Thomas Fuller, the Southeast Asian correspondent for the New York Times, says impunity is a disincentive to investigative journalism in Asia. Fuller and Bloomberg News reporter Michael Forsythe, right, speak at a public forum on investigative journalism in Asia at Hong Kong Baptist University yesterday. Photo: Song Cheng
Nov. 6, 2013
by Huang Lanlan, Eluna
When a company says 51 percent of senior managers in China are women, it’s just false, a Bloomberg News reporter said at a forum on investigative journalism in Asia yesterday.
“You should have a sense of numeracy and proportion,” Michael Forsythe, a Hong Kong-based correspondent, said.“ In government figures, you may never find what you are looking for.”
Forsythe was one of five Society of Publishers in Asia Editorial Award winners who attended the public forum at Hong Kong Baptist University.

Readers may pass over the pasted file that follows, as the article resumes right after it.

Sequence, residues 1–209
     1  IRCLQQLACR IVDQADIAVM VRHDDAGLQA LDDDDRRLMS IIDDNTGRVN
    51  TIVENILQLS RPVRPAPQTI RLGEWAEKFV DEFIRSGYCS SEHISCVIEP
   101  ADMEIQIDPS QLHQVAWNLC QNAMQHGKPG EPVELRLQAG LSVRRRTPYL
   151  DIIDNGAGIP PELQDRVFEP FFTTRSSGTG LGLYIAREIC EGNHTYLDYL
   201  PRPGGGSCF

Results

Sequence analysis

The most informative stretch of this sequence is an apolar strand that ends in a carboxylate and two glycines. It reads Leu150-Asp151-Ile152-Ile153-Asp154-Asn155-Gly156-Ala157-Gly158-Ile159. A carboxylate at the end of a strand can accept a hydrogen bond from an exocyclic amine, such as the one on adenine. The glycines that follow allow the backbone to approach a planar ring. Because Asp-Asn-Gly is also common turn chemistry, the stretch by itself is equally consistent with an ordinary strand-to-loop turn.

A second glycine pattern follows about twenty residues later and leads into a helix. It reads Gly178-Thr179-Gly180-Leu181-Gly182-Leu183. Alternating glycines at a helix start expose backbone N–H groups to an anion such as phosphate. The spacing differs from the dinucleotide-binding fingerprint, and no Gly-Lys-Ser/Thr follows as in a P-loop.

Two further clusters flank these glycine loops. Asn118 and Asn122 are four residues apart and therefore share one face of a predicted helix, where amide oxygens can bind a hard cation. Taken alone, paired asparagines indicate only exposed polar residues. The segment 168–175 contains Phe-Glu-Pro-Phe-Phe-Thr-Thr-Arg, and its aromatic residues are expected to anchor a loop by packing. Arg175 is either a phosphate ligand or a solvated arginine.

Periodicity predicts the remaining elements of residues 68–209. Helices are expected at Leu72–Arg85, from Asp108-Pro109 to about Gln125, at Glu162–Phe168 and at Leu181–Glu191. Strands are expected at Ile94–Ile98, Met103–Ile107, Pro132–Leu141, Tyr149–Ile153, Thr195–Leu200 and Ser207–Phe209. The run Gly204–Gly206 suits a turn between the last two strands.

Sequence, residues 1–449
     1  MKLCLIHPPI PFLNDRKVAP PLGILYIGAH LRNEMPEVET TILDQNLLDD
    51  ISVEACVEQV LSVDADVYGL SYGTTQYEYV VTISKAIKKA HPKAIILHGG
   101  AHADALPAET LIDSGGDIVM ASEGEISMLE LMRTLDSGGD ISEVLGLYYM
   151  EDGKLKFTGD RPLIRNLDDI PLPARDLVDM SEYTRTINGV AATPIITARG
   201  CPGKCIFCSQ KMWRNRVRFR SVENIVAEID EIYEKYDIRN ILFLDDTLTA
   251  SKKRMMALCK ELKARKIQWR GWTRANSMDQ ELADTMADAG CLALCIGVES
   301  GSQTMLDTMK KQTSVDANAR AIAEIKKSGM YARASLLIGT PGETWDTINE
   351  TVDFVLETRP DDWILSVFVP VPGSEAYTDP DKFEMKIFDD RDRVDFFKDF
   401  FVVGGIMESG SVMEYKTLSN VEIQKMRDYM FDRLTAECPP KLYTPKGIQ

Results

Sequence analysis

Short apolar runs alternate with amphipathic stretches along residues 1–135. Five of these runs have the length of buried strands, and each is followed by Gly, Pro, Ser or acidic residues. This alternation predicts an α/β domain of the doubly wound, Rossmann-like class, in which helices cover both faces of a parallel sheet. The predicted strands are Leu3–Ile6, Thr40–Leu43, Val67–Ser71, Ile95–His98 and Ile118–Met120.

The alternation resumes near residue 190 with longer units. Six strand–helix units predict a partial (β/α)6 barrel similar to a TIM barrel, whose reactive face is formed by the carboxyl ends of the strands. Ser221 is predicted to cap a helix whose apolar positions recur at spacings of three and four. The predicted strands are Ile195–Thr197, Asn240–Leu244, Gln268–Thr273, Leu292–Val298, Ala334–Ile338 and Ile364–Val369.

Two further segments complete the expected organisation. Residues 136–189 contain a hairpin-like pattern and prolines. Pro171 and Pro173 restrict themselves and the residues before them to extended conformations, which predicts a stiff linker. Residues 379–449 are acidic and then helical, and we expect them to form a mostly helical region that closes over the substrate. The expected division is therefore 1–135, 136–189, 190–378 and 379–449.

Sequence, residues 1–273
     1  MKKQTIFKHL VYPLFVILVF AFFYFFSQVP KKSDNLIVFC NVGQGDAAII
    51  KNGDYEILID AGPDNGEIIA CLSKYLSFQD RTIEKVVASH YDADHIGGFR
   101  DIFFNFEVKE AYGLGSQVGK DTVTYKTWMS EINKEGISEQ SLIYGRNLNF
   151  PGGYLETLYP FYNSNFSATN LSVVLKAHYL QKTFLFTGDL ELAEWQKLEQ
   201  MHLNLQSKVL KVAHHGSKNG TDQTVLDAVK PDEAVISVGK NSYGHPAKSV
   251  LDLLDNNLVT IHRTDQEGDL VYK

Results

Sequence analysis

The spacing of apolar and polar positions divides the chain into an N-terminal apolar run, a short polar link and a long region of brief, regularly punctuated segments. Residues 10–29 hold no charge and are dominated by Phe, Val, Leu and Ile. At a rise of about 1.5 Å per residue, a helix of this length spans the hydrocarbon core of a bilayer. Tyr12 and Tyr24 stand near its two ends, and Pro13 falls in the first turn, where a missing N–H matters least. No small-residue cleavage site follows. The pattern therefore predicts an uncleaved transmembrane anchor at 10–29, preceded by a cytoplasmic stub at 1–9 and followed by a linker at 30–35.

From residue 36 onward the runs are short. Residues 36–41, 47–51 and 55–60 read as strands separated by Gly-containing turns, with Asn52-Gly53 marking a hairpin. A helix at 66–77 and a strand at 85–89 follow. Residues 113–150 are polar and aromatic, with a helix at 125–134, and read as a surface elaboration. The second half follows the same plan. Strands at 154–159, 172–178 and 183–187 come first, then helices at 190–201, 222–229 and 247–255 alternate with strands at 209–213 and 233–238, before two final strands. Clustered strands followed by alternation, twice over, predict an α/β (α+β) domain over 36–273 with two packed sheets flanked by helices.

Investigative journalists in Asia have problems, said Titthara May the national news editor of the Cambodia-based Phnom Penh Post. “I once got four warnings, of which two were from the prime minister.” He added that investigative journalism in Cambodia can be dangerous, because “there’s little protection for journalists.”
“Though I don’t feel in danger quite often, I do have pressures from the government,” speaker Jamil Anderlini, the Beijing Bureau Chief of the Financial Times, said.
“Every year, foreign journalists in China have to renew their visas,” he said. “I am a little nervous at the end of year because I may be turned down by the government for writing something they’re angry about.”
While the word “pressure” was frequently mentioned, so was the word “passion.” Ernest Chi from Hong Kong daily Ming Pao said he formed an investigative team in 2011 when the newspaper was under financial pressure. “The reality is difficult, but we still have passion,” he said.
Forsythe also highlighted the importance of passion for investigative journalists. He said there are no real sick days or holidays.
“I love this job,” Thomas Fuller with the New York Times said. “You cannot go into this profession unless you want your job to be your life, and your life to be your job.”